By CHINO S. LEYCO
The National Economic and Development Authority (NEDA) said yesterday that the country needs to increase public participation in its anti-corruption initiatives to curtail corruption in the country.
The Philippines placed 113th out of 180 countries in the 2019 Corruption Perceptions Index (CPI), dropping 14 spots from its position in 2018, translating to a percentile rank of 37.2, falling short of the 2019 target in the 2017-2022 Philippine Development Plan (PDP) Results Matrix.
In terms of score, the Philippines garnered 34 points out of 100, which is lower from its 36 points out of 100 score in 2018. This means that the country reverted to its 2017 and 2012 levels.
For this reason, Socioeconomic Planning Secretary Ernesto M. Pernia said the country must improve engagement with its citizens to build trust and confidence in the government.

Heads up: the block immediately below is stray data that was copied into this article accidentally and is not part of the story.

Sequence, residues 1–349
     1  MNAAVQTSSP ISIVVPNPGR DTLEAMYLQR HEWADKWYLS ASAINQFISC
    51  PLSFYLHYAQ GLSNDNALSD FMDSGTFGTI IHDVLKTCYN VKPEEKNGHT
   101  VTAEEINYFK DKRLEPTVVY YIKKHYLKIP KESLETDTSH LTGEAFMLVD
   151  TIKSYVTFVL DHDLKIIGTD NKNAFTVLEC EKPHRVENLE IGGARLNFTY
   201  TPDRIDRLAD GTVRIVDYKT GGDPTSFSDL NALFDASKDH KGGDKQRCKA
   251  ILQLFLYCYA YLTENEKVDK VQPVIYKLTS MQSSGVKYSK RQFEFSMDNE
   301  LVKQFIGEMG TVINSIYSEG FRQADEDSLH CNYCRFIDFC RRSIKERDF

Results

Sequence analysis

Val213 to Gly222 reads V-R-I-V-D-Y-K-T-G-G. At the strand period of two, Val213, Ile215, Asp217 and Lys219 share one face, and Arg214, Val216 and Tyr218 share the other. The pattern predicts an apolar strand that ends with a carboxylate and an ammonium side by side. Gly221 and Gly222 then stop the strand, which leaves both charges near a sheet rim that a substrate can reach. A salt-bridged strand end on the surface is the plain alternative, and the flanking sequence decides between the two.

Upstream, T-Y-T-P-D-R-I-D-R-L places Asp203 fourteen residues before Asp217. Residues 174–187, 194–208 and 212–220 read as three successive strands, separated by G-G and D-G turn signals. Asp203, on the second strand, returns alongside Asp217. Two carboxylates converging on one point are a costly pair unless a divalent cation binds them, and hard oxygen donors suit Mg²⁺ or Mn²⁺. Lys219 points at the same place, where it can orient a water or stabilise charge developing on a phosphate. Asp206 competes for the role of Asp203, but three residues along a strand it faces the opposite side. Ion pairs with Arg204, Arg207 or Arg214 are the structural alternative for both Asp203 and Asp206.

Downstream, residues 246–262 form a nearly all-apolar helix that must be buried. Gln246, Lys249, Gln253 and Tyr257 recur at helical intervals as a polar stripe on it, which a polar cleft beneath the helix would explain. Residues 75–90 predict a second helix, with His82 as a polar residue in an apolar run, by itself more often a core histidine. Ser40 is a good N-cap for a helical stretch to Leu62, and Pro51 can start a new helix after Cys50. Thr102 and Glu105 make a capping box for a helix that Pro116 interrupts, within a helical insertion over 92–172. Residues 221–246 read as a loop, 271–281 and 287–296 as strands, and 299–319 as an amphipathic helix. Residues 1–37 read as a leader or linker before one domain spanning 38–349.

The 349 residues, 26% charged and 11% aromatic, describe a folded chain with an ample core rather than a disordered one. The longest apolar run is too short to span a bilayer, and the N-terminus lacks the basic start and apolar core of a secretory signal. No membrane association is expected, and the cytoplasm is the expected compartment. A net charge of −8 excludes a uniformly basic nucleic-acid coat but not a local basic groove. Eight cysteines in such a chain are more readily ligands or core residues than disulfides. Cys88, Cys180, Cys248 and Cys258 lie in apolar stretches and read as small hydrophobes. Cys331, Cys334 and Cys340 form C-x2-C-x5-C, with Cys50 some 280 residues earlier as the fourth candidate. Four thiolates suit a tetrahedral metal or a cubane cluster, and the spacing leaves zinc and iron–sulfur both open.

“Stamping out corruption must be done as a nation, everyone has a role to play to free our country from the shackles of corruption,” Pernia said in a statement.
In the ASEAN, the country declined to the 7th place out of 10 countries; its previous ranking was 5th in 2018. The Philippines experienced the steepest decline in percentile rank this year at -7.78 notches.
Transparency International, which publishes the annual CPI, attributed the decline in the perceived shortcomings of exercising the full democratic rights of citizens and stakeholders in the country.
“Let us encourage our citizens to report incidents of corruption through the 8888 hotline. But we also appeal to people to promote integrity by not giving false information,” Pernia said.
“While we encourage the use of technology through mobile and web platforms to increase access and improve awareness of anti-corruption initiatives, we also need to emphasize the need to be responsible,” he added.
The NEDA chief also said that technology will be crucial in simplifying procedures to expedite processing and prosecution of cases.
“The government should also enhance interagency and multi-stakeholder cooperation to ramp up its anti-corruption initiatives and increase impact. These could improve public perception and satisfaction with government services,” Pernia said.